Another technique Koncor depends on is getting along with its partners. "We are concerned about being real straight shooters," Sturgeon says. "We have good references from our partners. Our good track record is one of our building blocks."

All the way down the line of Koncor's subsidiaries, you hear affirmation of this belief. At Cube Cove in southeast Alaska, Shee Atika Corp. and Koncor own a subsidiary called Atikon Forest Products.

"Koncor has been a terrific partner," says Jim Senna, president of Shee Atika. I think the resulting sales of our timber certainly reflected nothing but the best understanding of the market."

In 1988, Koncor joined forces with Citifor Inc., a Chinese company, to form Citikon, which sells Alaska timber to all the Pacific Rim markets. According to Citifor vice president Bob Rice, "The joint venture works very well. We've had good cooperation and good results, and we're really pleased with the way the whole operation works."

A final technique for Koncor's success is: "We take the environment seriously," Sturgeon says. "Even though we are a private company, our forest management operations must include public concerns."

Enterprise and the Environment

On the wall of Koncor's Anchorage office hangs a plaque, given to the company in 1990 by the United Fishermen of Alaska (UFA) as a "co-existence award." Words engraved on the plaque acknowledge: "Koncor's good faith efforts to voluntarily comply with the riparian standards of the proposed Forest Practices Act... (UFA) appreciates Koncor's efforts to co-exist with the fishing industry in a more harmonious fashion."

"We're proud of that award," Sturgeon says. "It shows how hard the company works to meet the strict environmental regulations that govern Alaska's precious forest resources."

Don Gentry, general manager of Atikon Forest Products, says, "The many corporations which we work for primarily derive most of their income from fishing. They have given us a mandate that when we are harvesting their land, we try to protect the fisheries. We go a little bit further than other companies because we are only being responsible to our owners, the Native corporations."

It's not idle boasting. Tom Boutin, state forester for Alaska, says, "They (Koncor) are certainly exemplary, and they certainly would be any place in North America."

He cites the fact that Koncor does independent water quality testing and regeneration surveys, which shows initiative. Koncor has voluntarily left many buffers along lakes and streams where it believed protection was required or where government agencies asked for buffer zones. The company has also shown innovation in building roads around sensitive wildlife areas.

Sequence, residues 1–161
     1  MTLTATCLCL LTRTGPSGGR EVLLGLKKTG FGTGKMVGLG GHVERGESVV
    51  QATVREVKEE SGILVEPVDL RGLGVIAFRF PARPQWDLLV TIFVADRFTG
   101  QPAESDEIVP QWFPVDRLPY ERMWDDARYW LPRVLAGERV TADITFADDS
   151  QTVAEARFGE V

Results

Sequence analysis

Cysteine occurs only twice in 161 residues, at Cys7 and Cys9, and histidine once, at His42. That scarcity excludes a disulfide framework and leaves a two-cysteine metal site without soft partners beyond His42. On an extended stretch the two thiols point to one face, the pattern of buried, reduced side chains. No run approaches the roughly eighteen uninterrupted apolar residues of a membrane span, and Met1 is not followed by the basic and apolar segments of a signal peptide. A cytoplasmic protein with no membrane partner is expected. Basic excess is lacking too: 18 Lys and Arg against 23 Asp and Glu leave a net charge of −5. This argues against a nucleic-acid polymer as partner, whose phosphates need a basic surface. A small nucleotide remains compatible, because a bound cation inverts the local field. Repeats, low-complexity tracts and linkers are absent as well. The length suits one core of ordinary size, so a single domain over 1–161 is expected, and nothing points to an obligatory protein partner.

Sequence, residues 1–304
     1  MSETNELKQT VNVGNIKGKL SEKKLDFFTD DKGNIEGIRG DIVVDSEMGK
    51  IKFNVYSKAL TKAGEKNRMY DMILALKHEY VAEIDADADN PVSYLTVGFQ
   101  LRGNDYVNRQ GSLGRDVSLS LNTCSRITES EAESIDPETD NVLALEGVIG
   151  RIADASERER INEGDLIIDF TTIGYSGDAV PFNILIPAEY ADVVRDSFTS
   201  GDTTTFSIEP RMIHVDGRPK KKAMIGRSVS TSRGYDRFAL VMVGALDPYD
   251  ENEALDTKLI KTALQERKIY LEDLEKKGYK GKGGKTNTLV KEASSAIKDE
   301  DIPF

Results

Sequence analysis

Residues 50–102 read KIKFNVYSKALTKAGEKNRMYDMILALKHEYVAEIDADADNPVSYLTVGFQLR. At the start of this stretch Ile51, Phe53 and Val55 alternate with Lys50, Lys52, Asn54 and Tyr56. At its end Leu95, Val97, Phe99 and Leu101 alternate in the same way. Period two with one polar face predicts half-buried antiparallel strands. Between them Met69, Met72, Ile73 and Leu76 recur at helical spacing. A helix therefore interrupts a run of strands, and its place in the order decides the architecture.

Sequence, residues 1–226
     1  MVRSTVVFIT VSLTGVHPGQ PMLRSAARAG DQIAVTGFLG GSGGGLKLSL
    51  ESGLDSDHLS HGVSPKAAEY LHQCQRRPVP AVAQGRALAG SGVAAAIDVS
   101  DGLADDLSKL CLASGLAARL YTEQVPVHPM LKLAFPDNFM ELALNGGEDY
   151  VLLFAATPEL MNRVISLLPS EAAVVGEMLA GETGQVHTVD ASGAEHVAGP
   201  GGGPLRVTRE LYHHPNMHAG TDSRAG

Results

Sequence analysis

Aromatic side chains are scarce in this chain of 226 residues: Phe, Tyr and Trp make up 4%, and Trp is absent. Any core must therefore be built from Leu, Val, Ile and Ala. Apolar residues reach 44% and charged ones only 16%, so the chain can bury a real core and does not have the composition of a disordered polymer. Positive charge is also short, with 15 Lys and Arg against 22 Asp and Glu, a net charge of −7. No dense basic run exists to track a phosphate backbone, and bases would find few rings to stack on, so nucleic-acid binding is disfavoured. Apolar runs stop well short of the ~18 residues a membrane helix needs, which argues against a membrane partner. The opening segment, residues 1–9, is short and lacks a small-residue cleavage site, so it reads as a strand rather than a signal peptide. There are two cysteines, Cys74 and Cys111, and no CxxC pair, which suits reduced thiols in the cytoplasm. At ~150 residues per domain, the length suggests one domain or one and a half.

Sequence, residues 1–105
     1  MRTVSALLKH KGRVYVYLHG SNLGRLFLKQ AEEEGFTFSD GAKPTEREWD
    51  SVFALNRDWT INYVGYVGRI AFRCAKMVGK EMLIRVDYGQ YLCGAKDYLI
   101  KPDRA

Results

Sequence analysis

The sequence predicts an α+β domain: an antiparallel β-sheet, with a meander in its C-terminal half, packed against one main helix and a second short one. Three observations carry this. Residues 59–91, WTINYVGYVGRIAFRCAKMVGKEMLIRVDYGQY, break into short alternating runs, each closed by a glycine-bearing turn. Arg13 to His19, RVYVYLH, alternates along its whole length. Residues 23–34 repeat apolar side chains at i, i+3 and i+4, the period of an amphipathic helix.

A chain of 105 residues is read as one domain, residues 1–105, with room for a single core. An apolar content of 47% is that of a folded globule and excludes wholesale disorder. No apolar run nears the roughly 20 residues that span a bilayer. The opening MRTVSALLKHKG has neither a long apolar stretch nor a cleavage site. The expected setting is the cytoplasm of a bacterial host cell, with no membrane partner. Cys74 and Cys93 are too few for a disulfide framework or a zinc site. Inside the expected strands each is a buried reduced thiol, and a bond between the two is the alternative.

Frank Rue, director of the Alaska Department of Fish & Game's Habitat and Restoration Division, says former Alaska Gov. Steve Cowper gave Koncor an award prior to the passage of the state's Forest Practices Act in 1990. "Koncor voluntarily complied with the stream buffer requirements even before it became law," Rue says. "Gov. Cowper and we at Fish and Game thought that was pretty enlightened behavior for a company to do."

Forests for the Future

Working with the environment, not against it, will continue to guide Koncor's future investments.

"We've taken the position that there's a resource there that we can convert to cash, but we've got to be very, very careful of how we do that," says Tony Drabek of Natives of Kodiak.

So far, Koncor has richly rewarded its Native investors. Andy Anderson of Ouzinkie Native Corp. estimates that next to the fishing industry, Koncor brings the second-largest economic impact to his community through logging and long-shoring jobs, goods and services, and shareholder dividends.

"Many people would be on welfare or on certain types of social programs if not for (Koncor's) programs on Afognak and in other areas," Anderson says. "I credit all this to the management of Koncor."

Drabek says that in addition to providing dividends, profits from Koncor are invested into other projects, which further diversify local economies. For example, Natives of Kodiak was a major investor in Alaska's newest bank, Northrim Bank.

"We look at Koncor as a very long-term business, a business that we hope to pass along to future generations of shareholders," he says.

"Our people have been here since the beginning of time, and we hope that they will be here forever," Drabek adds. "We want to be careful about what we do with our lands so that we ensure a healthy forest and forest system. It's a little more expensive to do business that way, but our view is that it's a cost we are willing to bear."
COPYRIGHT 1993 Alaska Business Publishing Company, Inc.
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Title Annotation:The New 49ers; Koncor Forest Products Co., Anchorage, Alaska
Author:Wooding, Jeannie
Publication:Alaska Business Monthly
Date:Oct 1, 1993